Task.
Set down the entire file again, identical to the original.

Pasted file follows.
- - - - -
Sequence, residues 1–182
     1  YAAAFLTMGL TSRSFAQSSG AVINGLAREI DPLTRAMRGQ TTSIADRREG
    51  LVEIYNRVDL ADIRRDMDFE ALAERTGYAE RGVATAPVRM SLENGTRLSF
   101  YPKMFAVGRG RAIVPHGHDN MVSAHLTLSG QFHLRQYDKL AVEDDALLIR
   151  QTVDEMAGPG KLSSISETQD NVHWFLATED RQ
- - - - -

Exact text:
Sequence, residues 1–182
     1  YAAAFLTMGL TSRSFAQSSG AVINGLAREI DPLTRAMRGQ TTSIADRREG
    51  LVEIYNRVDL ADIRRDMDFE ALAERTGYAE RGVATAPVRM SLENGTRLSF
   101  YPKMFAVGRG RAIVPHGHDN MVSAHLTLSG QFHLRQYDKL AVEDDALLIR
   151  QTVDEMAGPG KLSSISETQD NVHWFLATED RQ